“Code enforcement attempts to gain compliance voluntarily and when owners provide us a reasonable plan for compliance, will work with owners within their means provided serious hazards are abated. From the time the orders were reissued May 2015 until the criminal complaint was filed, Mr. Starr completely ignored every notice and attempt to bring the code violations to his attention and work with him,” he wrote.
Starr and city officials don’t agree on much about the way the case unfolded.
Starr said he asked repeatedly for the court to dismiss the case after providing what he considered proof that he had made the repairs in the city’s original order. But Dahlberg said the prosecutor in the case “reported that Mr. Starr was defiant with the Court and uncooperative.”
Ultimately Hamilton County Municipal Judge Bernie Bouchard found Starr guilty for failure to comply with the city’s orders and placed him on the electronic monitoring device for 90 days to complete the work.
“What am I guilty of?” Starr said later. “If I put my windows in by grant, my downspout’s been fixed, and my chimney’s been tuck-pointed. And you put me on the box because I didn’t comply with what?”
Bouchard told WCPO that he couldn’t talk about Starr’s case specifically but stressed that his goal in housing cases is for property owners “to get the permits and get it right without getting a conviction.”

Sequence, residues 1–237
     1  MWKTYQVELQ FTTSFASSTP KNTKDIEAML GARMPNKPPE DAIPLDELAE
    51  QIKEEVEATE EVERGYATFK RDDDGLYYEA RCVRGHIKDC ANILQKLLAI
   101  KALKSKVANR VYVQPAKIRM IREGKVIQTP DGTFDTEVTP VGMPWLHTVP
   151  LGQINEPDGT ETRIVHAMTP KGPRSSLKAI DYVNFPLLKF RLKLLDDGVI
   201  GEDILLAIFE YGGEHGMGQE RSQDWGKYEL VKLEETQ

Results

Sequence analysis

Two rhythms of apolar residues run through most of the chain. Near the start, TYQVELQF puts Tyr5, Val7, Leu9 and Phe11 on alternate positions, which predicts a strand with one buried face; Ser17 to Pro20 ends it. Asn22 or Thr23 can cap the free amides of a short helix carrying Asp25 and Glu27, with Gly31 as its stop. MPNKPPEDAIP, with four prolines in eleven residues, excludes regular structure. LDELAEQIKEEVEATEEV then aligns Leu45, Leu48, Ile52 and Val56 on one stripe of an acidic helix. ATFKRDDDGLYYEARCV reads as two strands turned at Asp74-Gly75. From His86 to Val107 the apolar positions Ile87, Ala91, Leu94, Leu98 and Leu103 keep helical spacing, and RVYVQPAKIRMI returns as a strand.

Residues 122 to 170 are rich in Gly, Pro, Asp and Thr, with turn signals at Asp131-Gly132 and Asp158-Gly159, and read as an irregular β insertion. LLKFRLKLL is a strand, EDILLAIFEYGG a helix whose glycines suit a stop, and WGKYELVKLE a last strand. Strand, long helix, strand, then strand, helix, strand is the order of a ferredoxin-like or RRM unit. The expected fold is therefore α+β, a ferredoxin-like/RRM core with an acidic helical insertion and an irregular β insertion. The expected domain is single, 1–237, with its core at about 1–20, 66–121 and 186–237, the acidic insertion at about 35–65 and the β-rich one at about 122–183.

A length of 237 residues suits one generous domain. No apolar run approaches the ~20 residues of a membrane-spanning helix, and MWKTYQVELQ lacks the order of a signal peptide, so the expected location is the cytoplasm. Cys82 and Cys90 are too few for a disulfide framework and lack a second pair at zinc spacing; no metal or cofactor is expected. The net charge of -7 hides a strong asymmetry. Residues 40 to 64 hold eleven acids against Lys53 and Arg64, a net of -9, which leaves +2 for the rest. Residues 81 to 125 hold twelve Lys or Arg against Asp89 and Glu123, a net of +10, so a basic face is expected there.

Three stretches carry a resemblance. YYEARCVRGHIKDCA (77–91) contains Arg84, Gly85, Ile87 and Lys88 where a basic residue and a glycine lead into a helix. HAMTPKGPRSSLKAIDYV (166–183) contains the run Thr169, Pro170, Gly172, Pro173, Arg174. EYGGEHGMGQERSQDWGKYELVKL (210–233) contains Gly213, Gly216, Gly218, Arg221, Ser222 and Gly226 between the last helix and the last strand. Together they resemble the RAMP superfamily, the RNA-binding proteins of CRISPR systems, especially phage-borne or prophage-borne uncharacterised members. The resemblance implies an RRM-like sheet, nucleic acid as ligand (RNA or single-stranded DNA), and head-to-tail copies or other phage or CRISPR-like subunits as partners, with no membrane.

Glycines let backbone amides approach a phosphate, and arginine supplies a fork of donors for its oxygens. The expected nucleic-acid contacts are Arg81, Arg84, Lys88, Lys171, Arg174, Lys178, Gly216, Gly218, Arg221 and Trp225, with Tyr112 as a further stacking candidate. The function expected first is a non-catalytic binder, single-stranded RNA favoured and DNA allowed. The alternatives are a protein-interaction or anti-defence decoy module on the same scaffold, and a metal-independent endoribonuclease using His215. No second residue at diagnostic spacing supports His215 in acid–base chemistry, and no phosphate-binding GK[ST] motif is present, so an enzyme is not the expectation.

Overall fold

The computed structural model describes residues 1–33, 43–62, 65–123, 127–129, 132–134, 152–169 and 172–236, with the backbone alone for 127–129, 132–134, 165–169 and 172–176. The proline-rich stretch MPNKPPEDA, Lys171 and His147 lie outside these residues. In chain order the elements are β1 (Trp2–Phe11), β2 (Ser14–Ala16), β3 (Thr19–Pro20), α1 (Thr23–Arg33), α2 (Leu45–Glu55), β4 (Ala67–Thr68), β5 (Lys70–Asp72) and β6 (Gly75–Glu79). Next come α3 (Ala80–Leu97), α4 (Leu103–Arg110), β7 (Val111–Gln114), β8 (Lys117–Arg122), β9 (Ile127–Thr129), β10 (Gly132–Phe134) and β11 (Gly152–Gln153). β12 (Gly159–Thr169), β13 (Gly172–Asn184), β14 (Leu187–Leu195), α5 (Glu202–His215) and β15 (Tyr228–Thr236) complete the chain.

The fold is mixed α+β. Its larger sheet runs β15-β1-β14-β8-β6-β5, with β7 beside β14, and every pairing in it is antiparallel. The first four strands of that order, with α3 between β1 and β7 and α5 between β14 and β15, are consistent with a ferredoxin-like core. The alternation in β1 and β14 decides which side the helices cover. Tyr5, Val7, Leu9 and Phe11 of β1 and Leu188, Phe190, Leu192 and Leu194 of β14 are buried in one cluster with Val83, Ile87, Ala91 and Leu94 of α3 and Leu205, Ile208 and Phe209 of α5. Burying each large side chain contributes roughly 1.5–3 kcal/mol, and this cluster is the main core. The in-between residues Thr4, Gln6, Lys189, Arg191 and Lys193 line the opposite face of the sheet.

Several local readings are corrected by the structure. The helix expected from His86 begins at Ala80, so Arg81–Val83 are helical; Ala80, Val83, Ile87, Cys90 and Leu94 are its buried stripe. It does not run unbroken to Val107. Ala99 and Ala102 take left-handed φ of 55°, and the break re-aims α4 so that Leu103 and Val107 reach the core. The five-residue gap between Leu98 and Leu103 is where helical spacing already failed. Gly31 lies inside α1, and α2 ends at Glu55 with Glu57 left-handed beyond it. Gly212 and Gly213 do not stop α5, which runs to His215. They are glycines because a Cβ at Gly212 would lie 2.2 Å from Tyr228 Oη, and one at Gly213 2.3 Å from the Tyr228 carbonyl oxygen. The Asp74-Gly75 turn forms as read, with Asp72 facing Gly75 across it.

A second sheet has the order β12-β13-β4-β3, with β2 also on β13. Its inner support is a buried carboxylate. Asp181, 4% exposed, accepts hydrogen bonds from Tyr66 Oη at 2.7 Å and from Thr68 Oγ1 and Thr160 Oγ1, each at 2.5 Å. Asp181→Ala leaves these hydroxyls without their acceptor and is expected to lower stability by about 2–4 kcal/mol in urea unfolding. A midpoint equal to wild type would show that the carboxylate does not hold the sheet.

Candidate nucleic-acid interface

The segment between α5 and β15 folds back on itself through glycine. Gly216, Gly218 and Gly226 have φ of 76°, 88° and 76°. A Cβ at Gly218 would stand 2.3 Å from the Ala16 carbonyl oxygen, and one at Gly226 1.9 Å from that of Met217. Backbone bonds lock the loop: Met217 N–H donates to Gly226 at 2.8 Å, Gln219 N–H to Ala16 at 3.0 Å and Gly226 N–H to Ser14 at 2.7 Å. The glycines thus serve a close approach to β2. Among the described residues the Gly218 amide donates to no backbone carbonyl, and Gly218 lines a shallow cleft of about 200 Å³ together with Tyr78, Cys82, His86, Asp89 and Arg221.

“We’re trying to bend over backwards to get people to adhere to zoning codes,” said Bouchard, who took over the county housing docket in January.
“I haven’t sent anybody to jail yet for a housing code violation I don’t think,” he said in an interview several weeks before the incident with Mingo. “It’s like any other law. It’s there for the public good, and jail is there to deter.”
Getting help early
Starr knows about being locked up.
He served time in the 1990s for a robbery and then got locked up again in 2010 for selling marijuana. He said he made bad decisions and paid for his crimes. He learned how to cut hair in prison, he said, and got his barber’s license. With his record, he knew it would be hard to get any other kind of job, despite his background as a steam engineer.
Now Starr cuts hair and does odd jobs — making home repairs for other people or making deliveries on the side.
“I move people. I pick stuff up from stores,” he said. “I can make $50 a day, just from my truck.”
Starr stressed that he’s trying to do the right things in life now. He’ll be 50 this year, and he has a 9-year-old son who is counting on him.
He had a lawyer at one point to help him through his legal problems with the city. But they disagreed about how Starr should proceed, and Starr fired him.